The Archbishop of Canterbury, Rowan Williams, has for the first time publicly condemned Uganda's Anti-Homosexuality Bill. His statement follows weeks of pressure and a petition signed by thousands urging him to speak out against the Bill.
The Methodist Church has become the largest British denomination so far to condemn Uganda’s proposed Anti-Homosexuality Bill. Their stance is expected to increase pressure on Anglican and Catholic leaders to speak out against the Bill.
The election of the Anglican Communion's first openly lesbian bishop has been questioned by the Archbishop of Canterbury, who continues to face criticism for not speaking out publicly against the Ugandan Anti-Homosexuality Bill.
The Ugandan Anti-Homosexuality Bill is a test of sincerity for British Christians who hold a "traditional" view on sexuality but say that they are not prejudiced. Some have lived up to the test by condemning the Bill while others remain silent.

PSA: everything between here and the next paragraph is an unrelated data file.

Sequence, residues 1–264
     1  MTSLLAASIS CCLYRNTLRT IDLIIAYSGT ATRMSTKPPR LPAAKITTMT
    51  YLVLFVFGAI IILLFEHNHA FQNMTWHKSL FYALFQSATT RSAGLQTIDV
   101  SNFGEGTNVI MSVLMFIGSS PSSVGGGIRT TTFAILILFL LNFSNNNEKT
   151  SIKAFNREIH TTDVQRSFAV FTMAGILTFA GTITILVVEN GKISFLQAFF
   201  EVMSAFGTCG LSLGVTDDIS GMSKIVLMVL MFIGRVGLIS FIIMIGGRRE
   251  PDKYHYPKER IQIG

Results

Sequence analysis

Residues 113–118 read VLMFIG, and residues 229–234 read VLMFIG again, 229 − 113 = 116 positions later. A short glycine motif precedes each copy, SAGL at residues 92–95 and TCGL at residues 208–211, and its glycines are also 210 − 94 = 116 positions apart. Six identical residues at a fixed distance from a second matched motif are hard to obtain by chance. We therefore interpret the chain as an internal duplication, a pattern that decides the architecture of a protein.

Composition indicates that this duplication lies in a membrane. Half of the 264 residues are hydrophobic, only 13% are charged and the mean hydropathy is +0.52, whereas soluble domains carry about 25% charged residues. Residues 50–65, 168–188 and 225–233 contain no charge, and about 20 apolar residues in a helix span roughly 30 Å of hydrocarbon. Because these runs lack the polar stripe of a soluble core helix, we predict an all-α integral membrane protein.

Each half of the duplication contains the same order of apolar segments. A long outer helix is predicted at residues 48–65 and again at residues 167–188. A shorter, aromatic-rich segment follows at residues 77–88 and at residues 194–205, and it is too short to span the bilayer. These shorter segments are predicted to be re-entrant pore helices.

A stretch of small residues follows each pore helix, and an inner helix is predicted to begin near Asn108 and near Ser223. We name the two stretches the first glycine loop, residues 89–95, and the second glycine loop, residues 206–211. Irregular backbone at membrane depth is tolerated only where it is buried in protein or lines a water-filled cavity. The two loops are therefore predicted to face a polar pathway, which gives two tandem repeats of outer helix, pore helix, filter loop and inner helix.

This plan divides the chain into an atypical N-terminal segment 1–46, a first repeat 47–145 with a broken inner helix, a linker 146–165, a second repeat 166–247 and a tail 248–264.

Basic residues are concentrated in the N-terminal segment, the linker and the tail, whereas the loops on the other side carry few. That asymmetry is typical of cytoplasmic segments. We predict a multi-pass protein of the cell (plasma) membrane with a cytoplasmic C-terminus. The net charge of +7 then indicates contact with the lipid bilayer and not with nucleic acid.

The Ugandan Anglican Church says that it has no "official position" on the Anti-Homosexuality Bill proposed in the country's Parliament. However, the Church's secretary has said that the death penalty clause should be removed.
Christian leaders around the world, particularly in the Anglican Communion, are being urged to condemn proposed legislation in Uganda which would introduce the death penalty for certain consensual homosexual acts.
A Church of England spokesperson has dismissed a poll at a major Christian arts festival which suggests that many British Christians want troops out of Afghanistan, an end to UK arms exports and a more decisive stand for peace by the churches.
Over 500 Church of England clergy are meeting today to consider the Pope's offer for them to join their own section of the Roman Catholic Church. But sceptics point out that false claims of a 'mass exodus' have been made before.